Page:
We can also turn to Supreme Court precedent as an interpretive source. The key case is U.S. v. Wong Kim Ark, decided in 1898. The Court held that a Chinese-American child born in the U.S. to immigrant parents was a U.S. citizen, opining that the 14th Amendment Citizenship Clause "affirms the ancient and fundamental rule of citizenship by birth within the territory, in the allegiance and under the protection of the country, including all children here born of resident aliens" or "subjects of other countries." The fact that his parents were Chinese immigrants who were, by law, excluded from becoming American citizens, did not matter. The legal status of the parents was irrelevant to a determination of citizenship.

The Wong Kim Ark Court did mention a few, narrow categories of persons who are not subject to U.S. jurisdiction: First, children born to Native Americans; second, children born to foreign diplomats to the U.S.; and third, children born of "alien enemies in hostile occupation." Bottom line: The Court in Wong Kim Ark, whether in its holding or in dicta, effectively ratified the plain meaning of the Citizenship Clause, and the case remains to this day the most definitive explication of that clause's meaning.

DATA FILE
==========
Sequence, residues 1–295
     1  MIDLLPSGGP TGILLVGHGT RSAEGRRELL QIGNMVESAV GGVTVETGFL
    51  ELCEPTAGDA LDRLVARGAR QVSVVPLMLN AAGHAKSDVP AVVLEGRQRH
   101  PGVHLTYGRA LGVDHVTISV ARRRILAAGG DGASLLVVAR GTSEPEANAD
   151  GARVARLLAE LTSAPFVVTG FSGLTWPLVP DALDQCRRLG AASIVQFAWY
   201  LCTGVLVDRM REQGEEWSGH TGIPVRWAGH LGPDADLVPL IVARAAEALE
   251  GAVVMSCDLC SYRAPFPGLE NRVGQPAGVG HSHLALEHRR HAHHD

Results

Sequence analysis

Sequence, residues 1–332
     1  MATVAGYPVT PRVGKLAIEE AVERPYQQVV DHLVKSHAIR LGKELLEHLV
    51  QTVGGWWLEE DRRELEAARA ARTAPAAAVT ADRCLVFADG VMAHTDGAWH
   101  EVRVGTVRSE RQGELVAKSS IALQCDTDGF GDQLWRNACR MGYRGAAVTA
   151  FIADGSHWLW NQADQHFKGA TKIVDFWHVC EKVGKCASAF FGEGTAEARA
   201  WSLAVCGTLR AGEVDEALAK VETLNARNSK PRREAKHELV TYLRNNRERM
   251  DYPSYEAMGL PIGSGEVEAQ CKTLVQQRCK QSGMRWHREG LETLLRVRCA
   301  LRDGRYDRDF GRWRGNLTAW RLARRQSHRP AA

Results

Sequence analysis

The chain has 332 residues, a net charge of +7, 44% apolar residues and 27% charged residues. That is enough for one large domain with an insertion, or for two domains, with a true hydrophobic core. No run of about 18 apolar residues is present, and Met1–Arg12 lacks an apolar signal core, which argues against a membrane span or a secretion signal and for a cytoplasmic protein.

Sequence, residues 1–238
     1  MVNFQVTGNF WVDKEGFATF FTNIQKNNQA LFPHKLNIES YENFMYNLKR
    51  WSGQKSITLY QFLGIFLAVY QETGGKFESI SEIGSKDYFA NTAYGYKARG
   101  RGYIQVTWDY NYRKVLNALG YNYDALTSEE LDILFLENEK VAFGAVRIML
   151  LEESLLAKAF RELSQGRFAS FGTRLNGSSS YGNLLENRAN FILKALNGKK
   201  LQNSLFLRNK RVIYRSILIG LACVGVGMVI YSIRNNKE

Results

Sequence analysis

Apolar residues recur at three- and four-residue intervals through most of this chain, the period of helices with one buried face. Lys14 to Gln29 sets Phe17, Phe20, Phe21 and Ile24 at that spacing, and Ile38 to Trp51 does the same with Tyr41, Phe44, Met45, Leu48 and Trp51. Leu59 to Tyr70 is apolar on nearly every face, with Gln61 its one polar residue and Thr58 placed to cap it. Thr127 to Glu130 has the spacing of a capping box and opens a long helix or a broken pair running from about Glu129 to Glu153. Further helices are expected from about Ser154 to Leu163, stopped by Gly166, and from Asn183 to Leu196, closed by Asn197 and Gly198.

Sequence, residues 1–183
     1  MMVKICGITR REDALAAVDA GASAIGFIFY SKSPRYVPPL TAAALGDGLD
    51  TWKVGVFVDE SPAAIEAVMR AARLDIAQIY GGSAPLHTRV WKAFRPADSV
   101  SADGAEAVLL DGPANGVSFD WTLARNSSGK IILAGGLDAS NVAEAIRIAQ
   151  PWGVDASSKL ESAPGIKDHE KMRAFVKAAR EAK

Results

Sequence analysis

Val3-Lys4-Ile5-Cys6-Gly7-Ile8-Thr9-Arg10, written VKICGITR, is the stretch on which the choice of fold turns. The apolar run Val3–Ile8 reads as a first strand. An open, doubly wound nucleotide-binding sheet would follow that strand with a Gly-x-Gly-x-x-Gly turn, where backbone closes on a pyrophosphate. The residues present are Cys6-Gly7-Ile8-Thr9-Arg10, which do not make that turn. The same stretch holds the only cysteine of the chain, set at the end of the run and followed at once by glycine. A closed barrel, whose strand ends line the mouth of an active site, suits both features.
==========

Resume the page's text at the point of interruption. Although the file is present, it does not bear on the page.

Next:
There are fraught implications if we adopt the narrow interpretation of the Citizenship Clause. If only persons born to parents who are U.S. citizens or permanent resident aliens are natural born citizens, then, Kamala Harris a person who was born in Oakland, California, is not only ineligible to become vice president, but she is not an American citizen at all.

If she's not an American citizen, then, what is she? Is she a Jamaican citizen? An Indian citizen? Is she an undocumented immigrant? Her status may be even more precarious. She might be a stateless non-citizen. A stateless person is not a citizen of any nation. As a non-citizen, Harris would be subject to deportation to whichever country would agree to take her.

The possibility that Harris could be a stateless non-citizen brings us back to the origins of the Citizenship Clause. Why did the Framers include birthright citizenship in the 14th Amendment in the first place? They were seeking to overrule the infamous 1857 Dred Scott v. Sandford decision. In Dred Scott, the Supreme Court held that all descendants of slaves could never become U.S. citizens. Ever. If they could not be citizens, then, what could they be? They would be stateless non-citizens, part of a permanent second class of people in America.

A restrictive interpretation would take us back to a notion of citizenship that the 14th Amendment rejected. It would also put into jeopardy the citizenship status of countless Americans, including Kamala Harris. By contrast, the broad, plain meaning of the Citizenship Clause, which is the law of the land, provides us with a more inclusive, open notion of citizenship. As a result, we may soon see Vice President Kamala Harris sworn into office.

Reginald Oh is professor of law at Cleveland-Marshall College of Law, Cleveland State University.

The views expressed in this article are the writer's own.